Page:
These visual signals of progress can be particularly powerful on a bad day. When you’re feeling down, it’s easy to forget about all the progress you have already made. At this stage of the challenge, you may feel like you’re putting in a lot of effort without seeing many results. Habit tracking provides visual proof of your hard work—a subtle reminder of how far you’ve come and how consistent you’ve been.

Let’s discuss how to integrate habit tracking with the other methods discussed in this challenge. You could start with an implementation intention for tracking.

For example:

· I record my set in my workout journal after I finish each set at the gym.

· I write down what I ate for dinner after I put my plate in the dishwasher in the kitchen.

· I record how I slept in my sleep journal after I turn my alarm off in the morning in bed.

· I put an X on the calendar after I take my medicine and vitamins in the kitchen.

· I write down a moment I shared with my kids after I put them to bed at 8pm in their bedroom.

The completion of the behavior is the cue to write it down. Of course, even with a clear intention, there will be sometimes when you fall off the challenge. Whenever this happens, try to remind yourself of a simple rule: “never miss twice.” If you miss one day, try to get back into it as quickly as possible.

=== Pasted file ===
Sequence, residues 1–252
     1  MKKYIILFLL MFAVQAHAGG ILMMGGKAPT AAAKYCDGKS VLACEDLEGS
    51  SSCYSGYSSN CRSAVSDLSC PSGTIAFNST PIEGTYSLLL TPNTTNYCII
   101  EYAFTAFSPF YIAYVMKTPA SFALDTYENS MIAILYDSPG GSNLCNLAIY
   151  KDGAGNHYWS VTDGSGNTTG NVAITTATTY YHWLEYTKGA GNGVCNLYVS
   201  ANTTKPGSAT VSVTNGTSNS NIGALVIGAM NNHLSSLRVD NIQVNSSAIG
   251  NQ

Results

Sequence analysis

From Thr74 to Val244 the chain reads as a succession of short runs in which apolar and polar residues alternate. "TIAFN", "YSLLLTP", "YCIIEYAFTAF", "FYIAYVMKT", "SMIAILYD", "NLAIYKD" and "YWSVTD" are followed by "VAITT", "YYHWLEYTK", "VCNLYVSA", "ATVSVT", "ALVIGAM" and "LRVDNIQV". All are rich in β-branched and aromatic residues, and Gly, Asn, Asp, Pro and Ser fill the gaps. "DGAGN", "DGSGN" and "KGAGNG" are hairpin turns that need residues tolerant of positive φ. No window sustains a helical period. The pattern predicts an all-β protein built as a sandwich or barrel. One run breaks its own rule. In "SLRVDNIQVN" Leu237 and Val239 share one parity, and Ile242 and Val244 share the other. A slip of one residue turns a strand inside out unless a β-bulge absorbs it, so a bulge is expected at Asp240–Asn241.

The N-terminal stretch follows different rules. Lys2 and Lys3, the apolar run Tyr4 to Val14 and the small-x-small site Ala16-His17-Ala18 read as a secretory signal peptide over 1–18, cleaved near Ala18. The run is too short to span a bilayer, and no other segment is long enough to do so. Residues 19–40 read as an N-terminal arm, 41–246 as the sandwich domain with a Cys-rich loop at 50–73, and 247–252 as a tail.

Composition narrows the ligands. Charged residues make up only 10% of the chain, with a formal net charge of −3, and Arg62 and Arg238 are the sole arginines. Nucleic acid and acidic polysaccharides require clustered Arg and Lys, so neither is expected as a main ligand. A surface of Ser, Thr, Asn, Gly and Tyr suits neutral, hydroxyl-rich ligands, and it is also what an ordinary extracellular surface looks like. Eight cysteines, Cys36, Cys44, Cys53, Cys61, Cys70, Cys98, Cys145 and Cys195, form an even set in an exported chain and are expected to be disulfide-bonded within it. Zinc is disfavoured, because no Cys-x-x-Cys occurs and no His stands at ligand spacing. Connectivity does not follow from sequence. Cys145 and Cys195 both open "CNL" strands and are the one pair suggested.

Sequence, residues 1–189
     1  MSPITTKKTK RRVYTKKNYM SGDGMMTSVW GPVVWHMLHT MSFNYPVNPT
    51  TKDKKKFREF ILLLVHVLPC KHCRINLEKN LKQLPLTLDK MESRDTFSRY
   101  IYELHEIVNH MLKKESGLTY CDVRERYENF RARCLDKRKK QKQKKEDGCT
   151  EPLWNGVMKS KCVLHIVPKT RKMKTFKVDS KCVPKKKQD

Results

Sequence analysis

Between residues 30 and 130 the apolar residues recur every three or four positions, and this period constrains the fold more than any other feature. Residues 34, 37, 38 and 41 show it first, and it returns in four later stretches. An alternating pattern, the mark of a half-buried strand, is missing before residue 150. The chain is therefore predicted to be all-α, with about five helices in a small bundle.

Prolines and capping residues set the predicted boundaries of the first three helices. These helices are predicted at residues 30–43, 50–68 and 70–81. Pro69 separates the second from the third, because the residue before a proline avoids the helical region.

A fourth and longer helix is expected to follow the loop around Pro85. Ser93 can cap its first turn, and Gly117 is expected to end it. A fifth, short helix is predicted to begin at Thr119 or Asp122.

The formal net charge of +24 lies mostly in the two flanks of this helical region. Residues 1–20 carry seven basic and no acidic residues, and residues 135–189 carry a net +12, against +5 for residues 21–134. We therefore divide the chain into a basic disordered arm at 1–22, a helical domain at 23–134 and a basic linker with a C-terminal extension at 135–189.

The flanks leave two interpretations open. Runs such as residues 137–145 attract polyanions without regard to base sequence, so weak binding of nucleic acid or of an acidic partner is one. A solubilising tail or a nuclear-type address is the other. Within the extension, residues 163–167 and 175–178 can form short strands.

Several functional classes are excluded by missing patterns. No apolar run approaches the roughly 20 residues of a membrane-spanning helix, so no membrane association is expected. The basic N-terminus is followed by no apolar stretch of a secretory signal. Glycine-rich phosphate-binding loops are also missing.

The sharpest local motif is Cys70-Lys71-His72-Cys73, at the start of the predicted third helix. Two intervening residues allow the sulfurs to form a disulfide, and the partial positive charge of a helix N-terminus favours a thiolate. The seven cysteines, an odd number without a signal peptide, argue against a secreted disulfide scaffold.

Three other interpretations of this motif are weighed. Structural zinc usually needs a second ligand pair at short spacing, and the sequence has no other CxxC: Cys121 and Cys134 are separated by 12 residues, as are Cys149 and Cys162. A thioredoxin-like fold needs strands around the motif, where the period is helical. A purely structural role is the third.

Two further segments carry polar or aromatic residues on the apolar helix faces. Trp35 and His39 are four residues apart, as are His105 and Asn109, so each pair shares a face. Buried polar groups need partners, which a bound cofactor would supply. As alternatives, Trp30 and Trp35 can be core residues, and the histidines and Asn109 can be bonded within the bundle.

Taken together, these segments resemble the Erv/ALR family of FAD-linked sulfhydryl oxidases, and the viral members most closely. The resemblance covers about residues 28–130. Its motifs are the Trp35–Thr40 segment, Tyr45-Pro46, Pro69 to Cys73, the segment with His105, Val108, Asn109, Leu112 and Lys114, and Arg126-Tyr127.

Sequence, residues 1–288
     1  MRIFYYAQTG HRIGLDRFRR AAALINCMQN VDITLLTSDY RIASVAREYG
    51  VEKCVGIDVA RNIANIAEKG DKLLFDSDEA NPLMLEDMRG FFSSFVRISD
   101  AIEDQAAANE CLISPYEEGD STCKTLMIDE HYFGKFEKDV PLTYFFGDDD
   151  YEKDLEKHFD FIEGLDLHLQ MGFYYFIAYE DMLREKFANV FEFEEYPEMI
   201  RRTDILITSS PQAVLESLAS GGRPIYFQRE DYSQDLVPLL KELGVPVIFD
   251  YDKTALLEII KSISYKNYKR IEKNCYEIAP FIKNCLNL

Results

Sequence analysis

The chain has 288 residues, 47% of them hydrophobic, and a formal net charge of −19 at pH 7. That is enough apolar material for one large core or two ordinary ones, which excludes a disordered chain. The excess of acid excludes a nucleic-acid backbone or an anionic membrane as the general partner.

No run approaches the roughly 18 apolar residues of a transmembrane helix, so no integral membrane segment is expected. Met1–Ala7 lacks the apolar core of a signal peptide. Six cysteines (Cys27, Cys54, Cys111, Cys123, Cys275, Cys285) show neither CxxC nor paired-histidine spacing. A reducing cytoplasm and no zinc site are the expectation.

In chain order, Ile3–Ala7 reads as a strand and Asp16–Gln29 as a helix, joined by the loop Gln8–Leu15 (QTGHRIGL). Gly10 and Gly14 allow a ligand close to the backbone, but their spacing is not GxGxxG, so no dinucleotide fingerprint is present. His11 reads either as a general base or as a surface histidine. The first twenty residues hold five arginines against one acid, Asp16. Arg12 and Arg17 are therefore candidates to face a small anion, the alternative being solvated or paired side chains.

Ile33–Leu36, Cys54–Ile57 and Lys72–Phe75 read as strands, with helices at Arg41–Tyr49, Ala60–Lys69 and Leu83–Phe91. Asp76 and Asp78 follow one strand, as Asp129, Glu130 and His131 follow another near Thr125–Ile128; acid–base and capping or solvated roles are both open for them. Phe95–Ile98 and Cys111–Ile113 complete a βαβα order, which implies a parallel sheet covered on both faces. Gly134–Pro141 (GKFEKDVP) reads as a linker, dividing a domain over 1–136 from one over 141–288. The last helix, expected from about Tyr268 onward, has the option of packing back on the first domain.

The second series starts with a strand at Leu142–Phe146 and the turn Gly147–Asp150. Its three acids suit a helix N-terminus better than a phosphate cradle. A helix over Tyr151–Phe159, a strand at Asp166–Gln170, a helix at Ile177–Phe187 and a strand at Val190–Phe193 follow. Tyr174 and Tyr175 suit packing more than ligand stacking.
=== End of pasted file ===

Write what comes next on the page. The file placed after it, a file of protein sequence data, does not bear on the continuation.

Missing one workout happens but commit to not missing two planned workouts in a row. Eat an entire pizza but follow it up with a healthy meal. You can’t be perfect, but you can avoid a second lapse. As soon as one streak ends, get started on the next one.

The breaking of a habit doesn’t matter if the reclaiming of it is fast. The first mistake is never the one that ruins you. It is the spiral of repeated mistakes that follows. Missing once is an accident. Missing twice is the start of a new habit. Too often, we fall into an all-or-nothing cycle with our habits. The problem is not slipping up; the problem is thinking that if you can’t do something perfectly, then you shouldn’t do it at all. Never miss twice helps you overcome that pitfall.